IN his travels around the West, Interior Secretary Bruce Babbitt is confronting a set of traditions that have helped define America. And in a series of meetings on the future of public-lands ranching, Mr. Babbitt also is taking on a controversial issue with complex economic, environmental, and cultural dimensions.
The immediate question is this: Are ranchers who graze their livestock on millions of acres of federally owned land paying too little?
Critics say the $1.86 paid per "animal unit month" is far below what is paid by private leaseholders. (An animal unit is one cow and calf, one horse, or five sheep. The fee is based on a formula that includes the cost of production and commodity prices.) What is needed, says Rep. Mike Synar (D) of Oklahoma, is "a good dose of free enterprise."
While most of the 30,000 or so Western ranching operations are small, family-owned businesses earning about $28,000 a year, the largest are corporations - including oil and insurance companies, feedlot operators, foreign-owned meat producers, and wealthy absentee owners. The General Accounting Office reported last week that the largest 500 permitholders control 29 million acres of United States Forest Service land - one-third of such land used for grazing.
Environmentalists add that cattle grazing in the arid West causes severe range damage, including muddy and polluted streams, erosion, and the introduction of noxious weeds. "We need to restore fully functioning ecosystems," says Rose Strickland, a Sierra Club public-lands specialist. "We need to strictly enforce public-lands law."
Others note that Western ranching - while it holds a major place in history and folklore - accounts for a small segment of US beef production. (About 20 percent when calves shipped to eastern feedlots are included.)
All of this has put Western ranchers on the defensive. But in a series of four hearings that began last Thursday in Bozeman, Mont., and will conclude this Thursday in Albuquerque, N.M., they seem to have found a friend in Interior Secretary Babbitt.
WHILE the Clinton ad-ministration at first proposed raising grazing fees as part of its 1994 budget, it backed off when Western lawmakers (mostly Democrats) raised a fuss. And as they did in the recent "timber summit" in Oregon, administration officials are paying heed to the human dimension of knotty economic and environmental problems.
"The president has an intense interest in finding a solution that ensures that family ranchers remain on the land and are not driven into extreme hardship," Babbitt said in opening the Reno, Nev., meeting Saturday.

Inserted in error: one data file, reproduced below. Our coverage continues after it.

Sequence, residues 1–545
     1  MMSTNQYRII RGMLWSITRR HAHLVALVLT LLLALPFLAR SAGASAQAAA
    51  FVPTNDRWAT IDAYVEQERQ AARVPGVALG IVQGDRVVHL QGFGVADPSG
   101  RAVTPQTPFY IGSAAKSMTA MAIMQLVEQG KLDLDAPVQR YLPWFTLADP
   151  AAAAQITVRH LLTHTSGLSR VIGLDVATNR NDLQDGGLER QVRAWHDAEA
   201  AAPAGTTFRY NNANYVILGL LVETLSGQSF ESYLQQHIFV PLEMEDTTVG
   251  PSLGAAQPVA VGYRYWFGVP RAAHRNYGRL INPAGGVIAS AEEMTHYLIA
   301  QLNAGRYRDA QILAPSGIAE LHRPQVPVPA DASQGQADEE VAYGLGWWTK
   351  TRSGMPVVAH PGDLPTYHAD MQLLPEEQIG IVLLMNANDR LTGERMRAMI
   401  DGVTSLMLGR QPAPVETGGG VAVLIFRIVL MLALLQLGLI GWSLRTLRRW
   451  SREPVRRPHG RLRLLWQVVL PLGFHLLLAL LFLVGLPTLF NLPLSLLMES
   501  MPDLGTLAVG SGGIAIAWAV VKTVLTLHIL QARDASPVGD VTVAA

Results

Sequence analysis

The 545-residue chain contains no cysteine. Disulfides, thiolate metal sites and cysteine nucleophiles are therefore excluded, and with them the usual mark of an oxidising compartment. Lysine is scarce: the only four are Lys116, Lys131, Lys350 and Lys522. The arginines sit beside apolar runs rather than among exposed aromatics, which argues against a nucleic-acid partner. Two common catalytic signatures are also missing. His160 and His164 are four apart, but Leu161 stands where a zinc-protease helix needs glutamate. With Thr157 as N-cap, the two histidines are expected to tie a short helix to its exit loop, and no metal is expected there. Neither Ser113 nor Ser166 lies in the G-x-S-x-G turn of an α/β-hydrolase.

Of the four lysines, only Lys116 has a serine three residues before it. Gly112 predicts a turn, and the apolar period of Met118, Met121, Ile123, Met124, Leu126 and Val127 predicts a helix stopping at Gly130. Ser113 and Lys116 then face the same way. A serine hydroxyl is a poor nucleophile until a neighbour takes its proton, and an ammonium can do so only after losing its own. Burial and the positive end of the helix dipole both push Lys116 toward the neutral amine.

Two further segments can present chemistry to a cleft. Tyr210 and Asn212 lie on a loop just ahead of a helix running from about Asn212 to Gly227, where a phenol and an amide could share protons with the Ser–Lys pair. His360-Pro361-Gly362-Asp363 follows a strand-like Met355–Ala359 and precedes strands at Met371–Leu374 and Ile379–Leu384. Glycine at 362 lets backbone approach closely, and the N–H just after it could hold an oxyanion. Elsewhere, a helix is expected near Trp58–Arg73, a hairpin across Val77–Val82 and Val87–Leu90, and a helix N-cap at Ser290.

Babbitt emphasizes that "the grazing issue is more about the condition of the land than the size of the grazing fee." Indeed, there is some question about how far off the current fee is. Ranchers argue that while privately leased land already includes costly things like water systems, roads, and fences, they must install and maintain such things on their federal permitted land.
Rangeland resource economist Frederick Obermiller of Oregon State University says that making public fees comparable to private leases would mean a grazing fee of $1.92 per animal unit month - what it was in 1992.
Over and over at the Reno meeting, ranchers also stressed their role as good land stewards. "Ranchers are hard-working caretakers of the land," said Lorin Moench of Salt Lake City, whose family has been ranching for 70 years. Increasingly, ranchers like "Doc" and Connie Hatfield of Brothers, Ore., are winning high praise from the Nature Conservancy and other environmental groups for protecting their ri-parian areas and other important elements of wildlife habitat.
And ranch supporters also warned that raising grazing fees to the point that small ranches go out of business or are taken over by big corporations could be very harmful to many Western communities where ranching income pays for local services. It could also accelerate the selling off of what is now agriculturally productive land for housing subdivisions, said rancher Bart Topping of Madera, Calif.
But most ranchers also acknowledge that a more environmentally aware administration in Washington is going to mean a new era of federal land management and a likely fee increase of some sort.
Babbitt says he wants to link grazing fees with land stewardship "to create direct incentives for restoring the public lands to good condition."
While environmentalists were stung by the Clinton administration's go-slow shift on grazing fees, they agree that such fees are less important than ecosystem restoration.
After this set of meetings, Babbitt and Agriculture Secretary Mike Espy will work into the summer on a proposed administration policy, then send it out for public comment - after which a new round of meetings in the West will be held.